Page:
Archiving and the auto-classification of records are proactive measures an organization should employ to ensure that when data is born, it has a home, and ultimately expires according to a document retention policy. Organizations that have not done this work up front from a policy and technology perspective fall into the reactive category. Electronic discovery is generally a reactive measure used to pull information from an organization relevant to a matter, and some of the tools used for analysis and review for litigation could be used to clean up digital graveyards. While conducting eDiscovery on an organization’s entire corpus of data for clean-up purposes is unlikely, as a best practice organizations can start to deploy this assessment of data modularly. By using an updated data map, organizations can begin to examine specific areas for valuable and non-valuable data with technology, expiring what they no longer need in accordance with a defensible protocol.

Lawyers focus on relevant and non-relevant data, but C-level executives are macro-focused on valuable and non-valuable data. In an ideal world, lawyers would never have to review non-valuable data. In today’s weakened global economic climate, organizations in financial crisis are being forced to revaluate all aspects of their businesses and make hard decisions about value – but they aren’t looking at their data through the intelligent valuation glasses. Presently, this evaluation of assets typically includes real estate, equipment leases, contracts, and headcount. What is many times forgotten is (understandably) what cannot be seen. Data is an asset when repurposed or utilized in the right way, but a massive liability when left homeless indefinitely.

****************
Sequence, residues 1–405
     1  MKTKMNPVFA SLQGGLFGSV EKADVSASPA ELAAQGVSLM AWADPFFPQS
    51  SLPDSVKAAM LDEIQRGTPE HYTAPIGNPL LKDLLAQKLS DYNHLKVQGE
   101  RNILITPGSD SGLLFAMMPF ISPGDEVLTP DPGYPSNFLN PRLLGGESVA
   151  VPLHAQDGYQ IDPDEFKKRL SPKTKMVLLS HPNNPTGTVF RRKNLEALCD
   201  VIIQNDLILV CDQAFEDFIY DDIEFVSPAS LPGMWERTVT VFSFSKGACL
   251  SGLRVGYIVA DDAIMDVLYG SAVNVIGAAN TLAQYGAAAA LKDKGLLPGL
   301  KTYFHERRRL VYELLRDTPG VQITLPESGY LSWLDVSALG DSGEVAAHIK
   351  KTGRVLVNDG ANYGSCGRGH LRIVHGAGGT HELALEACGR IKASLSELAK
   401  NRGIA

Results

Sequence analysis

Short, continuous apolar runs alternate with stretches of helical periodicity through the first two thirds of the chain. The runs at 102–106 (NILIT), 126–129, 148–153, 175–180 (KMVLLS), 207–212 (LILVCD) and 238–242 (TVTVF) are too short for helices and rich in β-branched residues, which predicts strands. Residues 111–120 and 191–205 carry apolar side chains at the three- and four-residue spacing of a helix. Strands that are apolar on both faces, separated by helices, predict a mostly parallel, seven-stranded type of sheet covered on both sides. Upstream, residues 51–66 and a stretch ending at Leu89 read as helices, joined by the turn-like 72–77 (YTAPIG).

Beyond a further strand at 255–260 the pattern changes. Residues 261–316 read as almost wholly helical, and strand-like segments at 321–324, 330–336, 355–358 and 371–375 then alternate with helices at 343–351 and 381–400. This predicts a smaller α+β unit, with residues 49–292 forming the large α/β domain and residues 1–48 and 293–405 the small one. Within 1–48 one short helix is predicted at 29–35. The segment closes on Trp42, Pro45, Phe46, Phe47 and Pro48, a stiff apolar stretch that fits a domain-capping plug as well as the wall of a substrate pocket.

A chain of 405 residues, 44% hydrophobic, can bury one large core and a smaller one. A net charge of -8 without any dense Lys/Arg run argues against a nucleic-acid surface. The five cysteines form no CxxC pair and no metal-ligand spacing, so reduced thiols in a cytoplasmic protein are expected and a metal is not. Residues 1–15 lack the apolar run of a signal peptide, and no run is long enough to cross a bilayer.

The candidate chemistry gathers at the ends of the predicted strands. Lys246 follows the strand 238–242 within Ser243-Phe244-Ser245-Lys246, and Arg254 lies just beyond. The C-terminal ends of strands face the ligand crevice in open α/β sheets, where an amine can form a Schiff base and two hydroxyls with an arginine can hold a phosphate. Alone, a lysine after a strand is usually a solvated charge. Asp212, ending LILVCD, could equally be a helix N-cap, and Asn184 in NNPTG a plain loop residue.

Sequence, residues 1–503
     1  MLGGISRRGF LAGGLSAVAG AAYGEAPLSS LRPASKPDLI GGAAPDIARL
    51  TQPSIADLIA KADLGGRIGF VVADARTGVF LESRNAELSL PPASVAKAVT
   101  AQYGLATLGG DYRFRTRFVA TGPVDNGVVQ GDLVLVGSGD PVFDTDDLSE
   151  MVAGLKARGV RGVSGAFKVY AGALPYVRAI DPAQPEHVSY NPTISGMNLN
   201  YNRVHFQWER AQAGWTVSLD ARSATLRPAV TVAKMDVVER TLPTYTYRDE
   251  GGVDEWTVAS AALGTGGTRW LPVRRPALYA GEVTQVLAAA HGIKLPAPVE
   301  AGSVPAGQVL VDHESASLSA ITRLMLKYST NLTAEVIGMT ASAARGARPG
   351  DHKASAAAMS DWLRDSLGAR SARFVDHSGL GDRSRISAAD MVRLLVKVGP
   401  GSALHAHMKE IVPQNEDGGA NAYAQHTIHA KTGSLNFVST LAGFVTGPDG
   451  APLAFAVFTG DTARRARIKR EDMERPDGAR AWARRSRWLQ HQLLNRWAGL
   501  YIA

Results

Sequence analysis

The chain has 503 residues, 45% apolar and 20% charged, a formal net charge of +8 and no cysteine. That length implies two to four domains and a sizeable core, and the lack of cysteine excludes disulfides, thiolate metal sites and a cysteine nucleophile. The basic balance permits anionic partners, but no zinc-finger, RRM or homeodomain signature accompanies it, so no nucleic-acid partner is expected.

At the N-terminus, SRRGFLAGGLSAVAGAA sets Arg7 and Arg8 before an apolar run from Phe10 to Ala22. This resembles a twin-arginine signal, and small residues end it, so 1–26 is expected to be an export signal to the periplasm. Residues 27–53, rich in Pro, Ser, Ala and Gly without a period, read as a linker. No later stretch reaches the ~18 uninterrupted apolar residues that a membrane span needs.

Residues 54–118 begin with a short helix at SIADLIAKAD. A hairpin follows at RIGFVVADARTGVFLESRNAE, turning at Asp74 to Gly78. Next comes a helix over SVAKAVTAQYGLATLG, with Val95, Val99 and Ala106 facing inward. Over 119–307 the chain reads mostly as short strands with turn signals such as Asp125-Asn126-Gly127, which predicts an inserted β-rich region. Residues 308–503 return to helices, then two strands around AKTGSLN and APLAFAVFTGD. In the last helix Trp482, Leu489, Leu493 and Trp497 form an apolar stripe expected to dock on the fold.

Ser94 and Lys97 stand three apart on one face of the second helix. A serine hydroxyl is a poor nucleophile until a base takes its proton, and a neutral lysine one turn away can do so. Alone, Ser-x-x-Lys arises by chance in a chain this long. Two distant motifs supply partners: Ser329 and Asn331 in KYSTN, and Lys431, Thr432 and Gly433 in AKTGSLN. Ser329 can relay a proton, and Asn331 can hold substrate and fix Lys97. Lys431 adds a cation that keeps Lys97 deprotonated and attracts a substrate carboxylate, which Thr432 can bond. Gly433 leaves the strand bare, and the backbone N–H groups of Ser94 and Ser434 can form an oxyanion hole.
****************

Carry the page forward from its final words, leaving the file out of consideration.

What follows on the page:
The potential silver bullet to kill the data vampires is Transparent Predictive Coding. While we are at the inception of using predictive coding for litigation, there are many other uses for intelligent technology and cleaning up digital graveyards is one of them. The ability to use software on large data sets to classify and manage data for companies that are in a reactive state will allow them to hit the reset button and start anew with an eye toward a proactive information governance plan. Once legacy data has been evaluated, then the proactive archiving and auto-classification of data must be implemented in order to avoid the build-up of non-valuable data in the future. The data vampires will live in the digital graveyard forever if not addressed, causing painful blood baths in discovery and on the profit and loss statements of companies.

Twitter Chat: How to Speak Legalese

Friday, July 20th, 2012
EDITOR’S NOTE: Due to the July 26 Twitter outage, the #IGChat has been postponed to August 2. This post has been updated to reflect new chat details.

Do you know what “subpoena duces tecum” means? What about spoliation? Unless you’re on the legal side of a business, you probably haven’t had to work these terms into your daily conversations. However, if you’re managing an IT team, these are just a couple of the legal terms you’ll want to understand when, sooner or later, your team is tasked with an eDiscovery request.

Like any good relationship, communication is key. In business relationships, IT and legal must speak one another’s language in order to effectively work together. Though the two departments may come from two different worlds and knowledge backgrounds, they quickly become closely tied when an eDiscovery matter hits the fan. And, when it does, IT needs to know legal terms and vice versa to ensure, for example, that data is properly archived and efficiently collected as needed.